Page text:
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Salt takes on the wintery road conditions alone in Columbia

Thursday, February 11, 2010 | 3:31 p.m. CST; updated 6:06 p.m. CST, Thursday, February 11, 2010

COLUMBIA — Columbia residents might have noticed cleaner streets during the past weekend's snowy weather.

Jill Stedem, spokeswoman for the Columbia Public Works Department, said snow removal crews treated snow and ice with salt, not cinders, at the request of the City Council.

Second Ward Councilman Jason Thornhill proposed eliminating cinders — a byproduct of the coal burned at the city's power plant — after hearing an overwhelming number of complaints about the mess they create. He said the city is trying a salt-only approach primarily to solve that problem, but he also worries about the environmental implications.

"There can't be anything good coming from cinders washed down the storm sewers," he said. "There's got to be a better way to do it. ... Any potential environmental benefit is just going to be a bonus on top of it."

Stedem said that though cinders are harmful to the environment, salt might not solve that problem.

"There's nothing that's guaranteed to be environmentally friendly at this point," she said.

Although Thornhill said the city will refrain from cinder use for the rest of the winter, Stedem said she's not so sure about that. She said the city will monitor costs for this season and analyze whether a permanent switch to salt is affordable.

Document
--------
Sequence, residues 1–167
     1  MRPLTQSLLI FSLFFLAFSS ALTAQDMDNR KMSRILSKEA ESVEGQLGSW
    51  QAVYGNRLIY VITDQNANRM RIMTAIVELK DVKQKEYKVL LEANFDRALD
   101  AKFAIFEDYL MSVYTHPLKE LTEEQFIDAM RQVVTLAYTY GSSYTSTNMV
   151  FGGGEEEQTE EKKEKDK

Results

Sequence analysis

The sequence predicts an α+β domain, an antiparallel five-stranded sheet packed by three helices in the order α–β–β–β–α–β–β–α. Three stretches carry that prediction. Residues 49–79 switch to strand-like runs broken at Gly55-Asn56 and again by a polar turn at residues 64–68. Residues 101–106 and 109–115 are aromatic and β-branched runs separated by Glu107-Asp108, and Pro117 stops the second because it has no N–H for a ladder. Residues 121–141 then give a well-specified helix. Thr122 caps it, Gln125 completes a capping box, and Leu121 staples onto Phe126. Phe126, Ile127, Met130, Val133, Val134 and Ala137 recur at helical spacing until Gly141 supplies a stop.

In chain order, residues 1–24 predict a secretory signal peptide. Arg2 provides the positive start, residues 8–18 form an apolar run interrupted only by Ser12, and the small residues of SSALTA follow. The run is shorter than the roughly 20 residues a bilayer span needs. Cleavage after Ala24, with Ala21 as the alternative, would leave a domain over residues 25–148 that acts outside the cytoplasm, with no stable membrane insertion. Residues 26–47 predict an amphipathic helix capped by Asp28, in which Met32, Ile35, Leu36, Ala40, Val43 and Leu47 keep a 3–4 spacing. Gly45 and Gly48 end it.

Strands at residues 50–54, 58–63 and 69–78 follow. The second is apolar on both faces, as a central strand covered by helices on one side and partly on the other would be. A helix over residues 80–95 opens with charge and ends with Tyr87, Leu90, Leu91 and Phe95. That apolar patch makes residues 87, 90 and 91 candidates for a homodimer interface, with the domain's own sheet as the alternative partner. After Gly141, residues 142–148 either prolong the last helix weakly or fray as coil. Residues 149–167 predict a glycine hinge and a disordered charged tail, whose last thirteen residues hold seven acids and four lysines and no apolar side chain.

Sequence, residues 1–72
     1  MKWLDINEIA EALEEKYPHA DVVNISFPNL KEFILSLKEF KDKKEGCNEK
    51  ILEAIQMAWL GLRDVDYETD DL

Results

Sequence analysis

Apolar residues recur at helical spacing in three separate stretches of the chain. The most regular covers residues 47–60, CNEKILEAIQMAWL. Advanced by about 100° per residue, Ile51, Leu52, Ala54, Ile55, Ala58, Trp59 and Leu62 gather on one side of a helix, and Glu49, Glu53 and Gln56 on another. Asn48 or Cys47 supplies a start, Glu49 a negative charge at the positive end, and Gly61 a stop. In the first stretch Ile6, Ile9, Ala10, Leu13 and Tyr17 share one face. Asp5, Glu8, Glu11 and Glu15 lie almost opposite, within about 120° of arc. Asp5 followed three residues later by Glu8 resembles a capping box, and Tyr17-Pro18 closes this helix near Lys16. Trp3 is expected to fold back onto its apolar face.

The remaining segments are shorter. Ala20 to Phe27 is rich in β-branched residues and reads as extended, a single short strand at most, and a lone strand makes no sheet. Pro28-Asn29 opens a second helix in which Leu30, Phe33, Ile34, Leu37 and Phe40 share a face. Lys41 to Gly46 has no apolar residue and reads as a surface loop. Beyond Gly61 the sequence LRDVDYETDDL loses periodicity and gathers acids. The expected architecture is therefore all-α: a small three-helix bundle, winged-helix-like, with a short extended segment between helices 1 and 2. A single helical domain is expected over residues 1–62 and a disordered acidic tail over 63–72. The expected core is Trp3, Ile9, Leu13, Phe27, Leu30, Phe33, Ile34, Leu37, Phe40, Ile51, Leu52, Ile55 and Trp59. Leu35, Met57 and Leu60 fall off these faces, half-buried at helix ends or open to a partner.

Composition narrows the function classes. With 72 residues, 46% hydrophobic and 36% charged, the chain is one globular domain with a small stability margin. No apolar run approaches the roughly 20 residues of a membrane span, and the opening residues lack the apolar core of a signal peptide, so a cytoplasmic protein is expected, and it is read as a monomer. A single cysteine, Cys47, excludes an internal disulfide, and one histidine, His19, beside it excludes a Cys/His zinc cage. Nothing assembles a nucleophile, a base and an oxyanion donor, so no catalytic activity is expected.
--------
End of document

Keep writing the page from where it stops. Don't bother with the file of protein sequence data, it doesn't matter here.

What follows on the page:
The budget for snow removal materials is $630,689, according to a report to the council from Public Works Director John Glascock. Salt costs about $60 per ton, while cinders are free.

"It's a cost-effective way for us to put down treatment," Stedem said. "It helps with added traction."

The Columbia Municipal Power Plant provides the Public Works Department with cinders at no cost.

If the street division decides not to use them anymore, the Water and Light Department know of other people who want to have the cinders, spokeswoman Connie Kacprowicz said. Entities around central Missouri request cinders for road, agricultural or construction use, but the city's street crews have always been first priority.

Despite worries about the presence of toxins in cinders, Kacprowicz said all of the power plant's cinders and emissions are inspected and approved by the Environmental Protection Agency. These records are available to the Public Works Department.

"As far as the negative health impact, it met all the EPA standards," she said.

Thornhill said he hopes that the Public Works cost analysis will show that it's possible to budget for snow removal without cinders.

"The goal would be to eliminate cinders altogether," he said.


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